We call this the investment thesis. The investment thesis is no more or less than a definitive statement, based on a clear understanding of how money is made in your business, that outlines how adding this particular business to your portfolio will make your company more valuable. Many of the best acquirers write out their investment theses in black and white. Joe Trustey, managing partner of private equity and venture capital firm Summit Partners, describes the tool in one short sentence: "It tells me why I would want to own this business. Perhaps you're rolling your eyes and saying to yourself, "Well, of course our company uses an investment thesis! For example, our survey of senior executives across all industries revealed that only 29 percent of acquiring executives started out with an investment thesis defined in that survey as a "sound reason for buying a company" that stood the test of time.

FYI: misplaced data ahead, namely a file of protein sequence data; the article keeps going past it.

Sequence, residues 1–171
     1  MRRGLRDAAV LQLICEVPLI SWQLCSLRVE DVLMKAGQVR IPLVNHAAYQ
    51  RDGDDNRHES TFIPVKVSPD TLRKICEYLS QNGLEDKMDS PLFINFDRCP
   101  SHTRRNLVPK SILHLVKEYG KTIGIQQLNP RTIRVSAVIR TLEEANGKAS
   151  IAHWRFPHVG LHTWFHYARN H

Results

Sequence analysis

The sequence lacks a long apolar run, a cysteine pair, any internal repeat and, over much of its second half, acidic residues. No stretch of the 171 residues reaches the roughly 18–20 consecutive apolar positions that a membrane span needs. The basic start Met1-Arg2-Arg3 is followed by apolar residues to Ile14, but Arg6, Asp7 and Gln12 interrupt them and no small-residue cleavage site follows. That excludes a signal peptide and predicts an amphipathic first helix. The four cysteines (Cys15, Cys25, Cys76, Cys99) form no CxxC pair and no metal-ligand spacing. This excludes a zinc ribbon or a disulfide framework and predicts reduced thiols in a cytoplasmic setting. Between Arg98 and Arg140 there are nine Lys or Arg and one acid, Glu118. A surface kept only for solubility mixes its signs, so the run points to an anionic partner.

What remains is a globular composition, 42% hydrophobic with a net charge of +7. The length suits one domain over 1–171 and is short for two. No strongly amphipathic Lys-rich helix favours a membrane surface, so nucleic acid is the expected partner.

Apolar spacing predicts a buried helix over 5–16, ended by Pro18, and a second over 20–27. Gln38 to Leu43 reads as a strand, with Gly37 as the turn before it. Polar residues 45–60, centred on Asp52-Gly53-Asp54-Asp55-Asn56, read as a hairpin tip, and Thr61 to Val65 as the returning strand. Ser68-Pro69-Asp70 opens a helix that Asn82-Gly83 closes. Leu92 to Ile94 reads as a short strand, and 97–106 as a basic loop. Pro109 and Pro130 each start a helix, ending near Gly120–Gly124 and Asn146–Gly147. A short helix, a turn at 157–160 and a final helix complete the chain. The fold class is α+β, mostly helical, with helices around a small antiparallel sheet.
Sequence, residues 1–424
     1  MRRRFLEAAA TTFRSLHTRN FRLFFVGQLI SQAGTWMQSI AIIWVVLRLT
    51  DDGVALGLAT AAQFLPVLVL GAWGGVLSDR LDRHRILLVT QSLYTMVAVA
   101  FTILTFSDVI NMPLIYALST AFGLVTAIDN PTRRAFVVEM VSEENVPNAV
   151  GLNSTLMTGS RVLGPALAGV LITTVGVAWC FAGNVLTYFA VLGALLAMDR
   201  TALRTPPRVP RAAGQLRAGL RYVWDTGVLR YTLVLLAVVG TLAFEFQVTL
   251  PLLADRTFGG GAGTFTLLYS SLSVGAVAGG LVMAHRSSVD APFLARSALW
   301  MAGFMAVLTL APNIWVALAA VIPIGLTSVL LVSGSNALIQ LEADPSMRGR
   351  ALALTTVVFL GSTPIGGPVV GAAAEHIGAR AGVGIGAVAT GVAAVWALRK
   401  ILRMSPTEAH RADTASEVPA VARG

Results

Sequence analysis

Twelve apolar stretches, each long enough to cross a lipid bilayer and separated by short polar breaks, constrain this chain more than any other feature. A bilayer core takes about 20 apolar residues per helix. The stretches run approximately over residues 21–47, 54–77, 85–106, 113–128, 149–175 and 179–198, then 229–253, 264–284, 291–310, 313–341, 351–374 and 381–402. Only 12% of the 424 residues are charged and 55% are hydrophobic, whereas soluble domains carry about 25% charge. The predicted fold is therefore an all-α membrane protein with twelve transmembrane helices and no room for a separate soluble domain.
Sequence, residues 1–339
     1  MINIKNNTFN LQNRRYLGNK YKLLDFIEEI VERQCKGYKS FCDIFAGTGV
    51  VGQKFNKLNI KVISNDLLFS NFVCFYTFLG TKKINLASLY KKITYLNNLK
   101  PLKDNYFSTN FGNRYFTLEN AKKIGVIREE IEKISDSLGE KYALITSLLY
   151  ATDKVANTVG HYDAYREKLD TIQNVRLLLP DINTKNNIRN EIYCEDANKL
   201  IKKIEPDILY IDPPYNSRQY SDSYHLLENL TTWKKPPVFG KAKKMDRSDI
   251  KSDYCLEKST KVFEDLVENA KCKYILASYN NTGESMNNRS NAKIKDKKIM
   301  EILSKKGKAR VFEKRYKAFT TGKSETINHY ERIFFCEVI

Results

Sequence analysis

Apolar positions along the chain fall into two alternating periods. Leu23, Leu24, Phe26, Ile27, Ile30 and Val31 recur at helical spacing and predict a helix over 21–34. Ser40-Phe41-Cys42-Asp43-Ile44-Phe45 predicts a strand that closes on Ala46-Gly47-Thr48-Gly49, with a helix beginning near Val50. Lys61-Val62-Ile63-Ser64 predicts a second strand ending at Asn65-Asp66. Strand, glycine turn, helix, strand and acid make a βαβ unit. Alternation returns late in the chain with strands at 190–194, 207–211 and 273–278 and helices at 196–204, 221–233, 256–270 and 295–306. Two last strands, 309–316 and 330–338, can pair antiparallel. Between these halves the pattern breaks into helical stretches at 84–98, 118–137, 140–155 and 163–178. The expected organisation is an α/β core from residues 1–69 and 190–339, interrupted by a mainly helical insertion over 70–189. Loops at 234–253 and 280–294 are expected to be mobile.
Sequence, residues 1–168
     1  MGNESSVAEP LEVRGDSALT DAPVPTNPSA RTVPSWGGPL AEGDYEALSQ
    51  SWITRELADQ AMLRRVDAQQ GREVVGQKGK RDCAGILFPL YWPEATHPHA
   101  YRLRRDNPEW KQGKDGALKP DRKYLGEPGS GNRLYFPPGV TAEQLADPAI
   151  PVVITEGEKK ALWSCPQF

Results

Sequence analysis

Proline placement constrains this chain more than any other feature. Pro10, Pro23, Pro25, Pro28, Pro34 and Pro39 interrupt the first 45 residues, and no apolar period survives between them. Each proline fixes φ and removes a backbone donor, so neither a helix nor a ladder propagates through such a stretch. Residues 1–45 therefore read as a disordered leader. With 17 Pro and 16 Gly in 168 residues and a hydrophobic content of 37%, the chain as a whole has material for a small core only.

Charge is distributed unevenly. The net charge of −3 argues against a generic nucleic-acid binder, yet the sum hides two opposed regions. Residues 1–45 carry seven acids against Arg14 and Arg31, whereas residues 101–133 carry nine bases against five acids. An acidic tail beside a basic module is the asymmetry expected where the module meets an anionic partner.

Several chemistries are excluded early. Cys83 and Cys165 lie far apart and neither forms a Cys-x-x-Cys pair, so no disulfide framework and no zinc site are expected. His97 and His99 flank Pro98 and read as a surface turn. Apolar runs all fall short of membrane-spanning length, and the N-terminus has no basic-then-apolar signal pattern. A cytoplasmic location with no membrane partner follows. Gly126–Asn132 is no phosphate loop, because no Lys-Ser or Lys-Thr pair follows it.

One of the essential elements in a venture capital firm is the investment thesis. The thesis can come in many varieties, from broad and loosely defined focuses to a specific vertical and company stage. On the other hand, some investors choose to allocate capital without a core thesis driving their decisions and see success in this strategy. This post will define an investment thesis, why investors decide to develop one, and some tips on creating one. Simply put, the investment thesis is an assumption made about a market, vertical, or trend that will drive the strategy for a particular firm or fund. Just as a startup will assume a problem or market need and build a product around solving that problem, an investor will consider various markets and trends and develop an investment strategy focused on that assumption.
Potential — How big can the startup get? Do they have a chance to become a billion-dollar unicorn? Is their market big enough and can they scale?